meadd823
08-27-06, 07:03 PM
Diagnostic Criteria for ADHD (http://www.addforums.com/forums/showthread.php?t=23276)

What are characteristics of adult ADD?

An adult with ADHD has a different complex of symptoms than a child does. As a person matures, the childhood symptoms of ADHD may evolve:

Hyperactivity may evolve into
•uncontrolled arousal
•feeling overwhelmed
•talking excessively.


Inattentiveness may evolve into
•unwilled tuning-out
•the inability to focus on mundane tasks.


Impulsiveness may evolve into
•irritability
•quick anger
•inadequate censorship of rude or insulting thoughts
•poor timing in interactions.


Gabor Maté, and Hallowell and Ratey (authors of Driven to Distraction) also include these characteristics of Adult ADD:

•may be perceived as aloof and arrogant or tiresomely talkative and boorish
•compulsive joking, often about personal life history and feelings
•pressured rapid-fire speech, seemingly random and aimless hopping from one topic to the next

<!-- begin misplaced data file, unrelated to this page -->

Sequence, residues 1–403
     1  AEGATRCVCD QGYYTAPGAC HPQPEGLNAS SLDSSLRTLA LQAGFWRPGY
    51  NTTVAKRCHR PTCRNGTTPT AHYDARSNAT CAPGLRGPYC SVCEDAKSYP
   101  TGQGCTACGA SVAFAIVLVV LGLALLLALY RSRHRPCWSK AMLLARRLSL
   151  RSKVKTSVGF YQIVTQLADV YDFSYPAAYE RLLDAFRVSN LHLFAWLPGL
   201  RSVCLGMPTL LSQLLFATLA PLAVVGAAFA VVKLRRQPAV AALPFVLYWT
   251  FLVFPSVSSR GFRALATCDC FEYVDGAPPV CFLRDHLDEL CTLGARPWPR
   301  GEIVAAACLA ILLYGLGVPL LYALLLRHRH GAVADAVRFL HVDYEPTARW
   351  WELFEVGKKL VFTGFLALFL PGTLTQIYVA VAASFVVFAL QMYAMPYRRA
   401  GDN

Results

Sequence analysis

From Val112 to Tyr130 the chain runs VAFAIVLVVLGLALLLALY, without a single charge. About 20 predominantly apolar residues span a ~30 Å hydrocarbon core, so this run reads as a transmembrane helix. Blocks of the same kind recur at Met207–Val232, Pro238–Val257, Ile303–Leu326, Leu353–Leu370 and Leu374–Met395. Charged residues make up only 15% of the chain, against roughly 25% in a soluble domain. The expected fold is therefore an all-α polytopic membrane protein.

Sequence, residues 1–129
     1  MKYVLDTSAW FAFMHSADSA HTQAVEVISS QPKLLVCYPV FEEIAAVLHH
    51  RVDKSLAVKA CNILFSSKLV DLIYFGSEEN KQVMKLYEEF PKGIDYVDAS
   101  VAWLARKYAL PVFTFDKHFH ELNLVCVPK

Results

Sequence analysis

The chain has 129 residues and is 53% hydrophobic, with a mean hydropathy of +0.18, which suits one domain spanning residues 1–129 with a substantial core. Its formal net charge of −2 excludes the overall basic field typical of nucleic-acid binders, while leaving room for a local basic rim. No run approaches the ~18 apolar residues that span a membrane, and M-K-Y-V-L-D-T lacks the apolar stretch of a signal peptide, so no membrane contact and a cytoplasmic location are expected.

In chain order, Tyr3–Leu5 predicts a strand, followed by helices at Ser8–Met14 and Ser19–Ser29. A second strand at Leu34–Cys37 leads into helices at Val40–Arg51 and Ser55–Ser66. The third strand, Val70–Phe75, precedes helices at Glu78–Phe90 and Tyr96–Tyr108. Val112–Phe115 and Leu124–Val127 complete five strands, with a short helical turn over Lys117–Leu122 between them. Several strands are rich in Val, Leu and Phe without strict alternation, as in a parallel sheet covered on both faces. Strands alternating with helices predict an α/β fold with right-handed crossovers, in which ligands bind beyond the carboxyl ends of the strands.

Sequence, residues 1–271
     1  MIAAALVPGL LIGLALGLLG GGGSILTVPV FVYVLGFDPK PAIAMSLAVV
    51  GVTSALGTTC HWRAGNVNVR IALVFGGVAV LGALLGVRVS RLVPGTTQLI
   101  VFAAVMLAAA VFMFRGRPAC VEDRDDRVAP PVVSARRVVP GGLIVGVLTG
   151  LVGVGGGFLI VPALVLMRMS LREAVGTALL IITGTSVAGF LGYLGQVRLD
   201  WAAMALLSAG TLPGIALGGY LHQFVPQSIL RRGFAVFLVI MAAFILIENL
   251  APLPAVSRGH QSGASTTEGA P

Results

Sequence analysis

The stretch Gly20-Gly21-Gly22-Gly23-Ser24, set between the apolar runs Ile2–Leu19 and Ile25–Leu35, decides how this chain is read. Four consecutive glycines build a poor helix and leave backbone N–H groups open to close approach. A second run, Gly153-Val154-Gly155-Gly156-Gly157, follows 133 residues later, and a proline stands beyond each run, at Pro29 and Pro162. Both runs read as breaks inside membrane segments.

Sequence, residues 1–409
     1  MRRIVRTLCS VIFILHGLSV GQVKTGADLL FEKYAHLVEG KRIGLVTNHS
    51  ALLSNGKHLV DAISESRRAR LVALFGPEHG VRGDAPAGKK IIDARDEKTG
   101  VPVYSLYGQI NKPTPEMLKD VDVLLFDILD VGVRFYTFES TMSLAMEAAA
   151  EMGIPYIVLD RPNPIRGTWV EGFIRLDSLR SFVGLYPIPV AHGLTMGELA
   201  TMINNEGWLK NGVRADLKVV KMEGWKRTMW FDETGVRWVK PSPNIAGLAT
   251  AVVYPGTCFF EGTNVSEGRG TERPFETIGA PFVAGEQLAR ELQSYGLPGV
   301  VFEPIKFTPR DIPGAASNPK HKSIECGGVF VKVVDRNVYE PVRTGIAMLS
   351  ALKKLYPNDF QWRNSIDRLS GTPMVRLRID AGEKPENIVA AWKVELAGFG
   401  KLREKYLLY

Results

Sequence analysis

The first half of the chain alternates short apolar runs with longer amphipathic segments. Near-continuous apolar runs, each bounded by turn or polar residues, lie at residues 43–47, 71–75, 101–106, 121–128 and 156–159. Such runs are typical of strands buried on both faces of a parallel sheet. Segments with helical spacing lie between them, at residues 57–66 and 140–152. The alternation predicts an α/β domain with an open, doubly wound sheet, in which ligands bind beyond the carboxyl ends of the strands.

•procrastination - difficulty starting tasks
•incompletions - tasks or book reading begun but not finished before new projects or new books are started, leaving a never-ending to-do list
•insecurity and self-esteem issues because of unmet high personal expectations
•often high achiever, even overachiever, but with poor self-image because of beliefs that more could be accomplished if not for disorganization
What other conditions may accompany ADHD?



A number of other psychiatric conditions may accompany ADHD (such accompaniment is called "comorbidity"). These conditions can mask or magnify ADHD, which must be treated on its own.

Some possible accompanying disorders are:
•learning disabilities
•Tourette's syndrome
•oppositional defiant disorder
•conduct disorder
•bipolar disorder
•anxiety
•depression
__________________


ADD symptoms can over lap with many other traits and or disorders which is why it take a professional with experience to properly diagnosis ADD.

Hope this helps.